Bonding a segmented society by Prof Shad Saleem Faruqi
FOR most of its 56 years Malaysia’s segmented society has managed remarkably to preserve peace, tranquillity and development. Lately, however, some intractable religious and racial disputes have besmirched the gentle face of our land. We must maintain a sense of balance.
Disagreements are natural: Human interaction is impossible without some conflict. The more free and democratic a society is, the more likelihood latent dissatisfaction will come to the fore! This is what is happening in Malaysia’s evolving democracy. As freedom takes root and knowledge of constitutional rights spreads, views and values are expressed, often with belligerence.
Managing conflict: Despite all these disputes, the real issue is not the existence of conflict but how it is handled so that society’s social equilibrium is not threatened.
Jais raid: I am appalled at the profane action by the Selangor Islamic Affairs Department (Jais) of entering the premises of the Bible Society of Malaysia and seizing 331 copies of the Bible in the Malay and Iban languages. Despite Father Lawrence Andrew’s undiplomatic and ill-conceived public declaration that the Church will persist in its usage of the term Allah (in effect defying the Court of Appeal decision on the Kalimah Allah issue), this raid by Jais was most unfortunate.
It was contrary to Islam’s respect for all Revered Books and it was violative of several provisions of the Federal Constitution.
Article 11(1): Everyone has the right to profess and practise one’s religion and subject to Article 11(4) to propagate it. Article 11(1) must be read together with Article 3(1) that the practice of religion must not disturb peace and harmony.
Article 11(3): Every religion has the right to manage its own affairs, to acquire and own property and to hold and administer it in accordance with law.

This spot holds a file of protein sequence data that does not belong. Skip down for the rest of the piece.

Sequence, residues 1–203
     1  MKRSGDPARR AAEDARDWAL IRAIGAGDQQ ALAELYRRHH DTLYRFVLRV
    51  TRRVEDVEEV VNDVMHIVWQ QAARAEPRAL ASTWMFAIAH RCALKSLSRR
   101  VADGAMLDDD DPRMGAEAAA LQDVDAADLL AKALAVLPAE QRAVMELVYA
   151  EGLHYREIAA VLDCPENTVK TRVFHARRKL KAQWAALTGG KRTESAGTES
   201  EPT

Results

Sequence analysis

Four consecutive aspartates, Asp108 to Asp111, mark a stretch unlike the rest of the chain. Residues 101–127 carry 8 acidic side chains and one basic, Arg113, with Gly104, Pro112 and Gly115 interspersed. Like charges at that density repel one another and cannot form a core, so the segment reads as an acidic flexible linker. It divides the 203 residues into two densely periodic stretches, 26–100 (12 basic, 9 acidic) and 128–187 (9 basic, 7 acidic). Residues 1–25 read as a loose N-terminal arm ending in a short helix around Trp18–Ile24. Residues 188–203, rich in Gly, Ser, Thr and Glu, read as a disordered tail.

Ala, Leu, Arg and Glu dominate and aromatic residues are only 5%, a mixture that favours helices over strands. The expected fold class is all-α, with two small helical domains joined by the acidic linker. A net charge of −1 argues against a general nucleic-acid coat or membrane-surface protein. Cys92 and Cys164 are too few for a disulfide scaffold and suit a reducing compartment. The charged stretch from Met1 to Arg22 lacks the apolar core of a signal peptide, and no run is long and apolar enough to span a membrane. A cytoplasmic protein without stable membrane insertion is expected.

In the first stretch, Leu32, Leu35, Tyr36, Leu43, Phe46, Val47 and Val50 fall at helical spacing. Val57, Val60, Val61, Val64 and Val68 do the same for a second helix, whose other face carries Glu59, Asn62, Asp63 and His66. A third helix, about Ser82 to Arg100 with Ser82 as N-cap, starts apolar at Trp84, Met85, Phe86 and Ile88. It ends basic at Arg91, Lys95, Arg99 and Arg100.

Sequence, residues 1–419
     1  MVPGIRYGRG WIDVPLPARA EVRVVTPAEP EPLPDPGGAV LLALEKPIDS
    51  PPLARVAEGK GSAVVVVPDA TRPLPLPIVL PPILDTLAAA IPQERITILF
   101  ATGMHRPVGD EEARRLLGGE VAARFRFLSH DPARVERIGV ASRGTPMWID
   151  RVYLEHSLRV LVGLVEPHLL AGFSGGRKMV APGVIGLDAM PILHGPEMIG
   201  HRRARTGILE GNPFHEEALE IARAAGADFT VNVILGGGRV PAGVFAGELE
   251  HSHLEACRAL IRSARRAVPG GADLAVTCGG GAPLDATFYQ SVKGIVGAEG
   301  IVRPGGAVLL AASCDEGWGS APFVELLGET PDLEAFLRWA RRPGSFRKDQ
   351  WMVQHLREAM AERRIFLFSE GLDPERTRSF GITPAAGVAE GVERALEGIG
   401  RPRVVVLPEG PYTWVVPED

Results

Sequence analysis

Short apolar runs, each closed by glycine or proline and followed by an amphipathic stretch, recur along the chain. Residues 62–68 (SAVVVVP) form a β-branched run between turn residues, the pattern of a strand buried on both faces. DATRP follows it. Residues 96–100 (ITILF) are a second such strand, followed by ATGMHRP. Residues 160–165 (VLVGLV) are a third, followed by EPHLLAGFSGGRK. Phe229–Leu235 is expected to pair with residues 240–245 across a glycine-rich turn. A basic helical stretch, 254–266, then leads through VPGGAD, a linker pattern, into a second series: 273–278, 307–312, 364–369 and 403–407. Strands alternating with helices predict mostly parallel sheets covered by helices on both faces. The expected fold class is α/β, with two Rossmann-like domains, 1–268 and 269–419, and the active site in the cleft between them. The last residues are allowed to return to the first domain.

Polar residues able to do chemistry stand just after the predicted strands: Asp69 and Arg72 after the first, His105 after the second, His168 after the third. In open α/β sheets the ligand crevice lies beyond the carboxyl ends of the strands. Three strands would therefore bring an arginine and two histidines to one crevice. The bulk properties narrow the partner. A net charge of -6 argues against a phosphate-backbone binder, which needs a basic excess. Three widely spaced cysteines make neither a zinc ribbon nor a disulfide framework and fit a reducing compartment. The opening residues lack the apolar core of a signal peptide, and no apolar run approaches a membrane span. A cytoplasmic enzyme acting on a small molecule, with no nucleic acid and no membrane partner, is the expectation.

Article 3(4): Though Article 3(1) declares Islam to be the religion of the federation, nothing in this Article derogates from any other provision of the Constitution. This means that no constitutional right or duty is affected or abridged as a result of the adoption of Islam as the religion of the federation.
Article 11(4): This provision permits state legislatures to restrict the propagation of any religious doctrine among Muslims. Nine state legislatures, among them Selangor, have passed such laws. The Selangor Non-Islamic Religions (Control of Propagation Among Muslims) Enactment 1988 goes so far as to ban non-Muslims from using 34 or so prescribed Arabic/Malay words.
Jais is oversimplifying the situation by banking solely on this law to justify its raid. In fact many other related provisions impact on the matter.
First, in Article 11(4) State Enactment imposing a criminal liability on non-Muslims cannot be enforced in the state syariah courts because under Schedule 9, List II, Paragraph 1, syariah courts have no jurisdiction over non-Muslims. This implies that syariah officials, likewise, have no authority over non-Muslims. Take for example a khalwat case involving a Muslim and a non-Muslim. The syariah authorities have no right to arrest or charge the non-Muslim.
Any offence by non-Muslims under an Article 11(4) State Enactment must be tried by federal courts and by federal authorities. If Jais had become cognisant of any offence under the Enactment, it should have filed a police report and left the matter to the police and to federal prosecutors.
The spirit of Schedule 9 List II Paragraph 1 is that the ecclesiastical authorities of one faith should not prosecute the followers of another faith.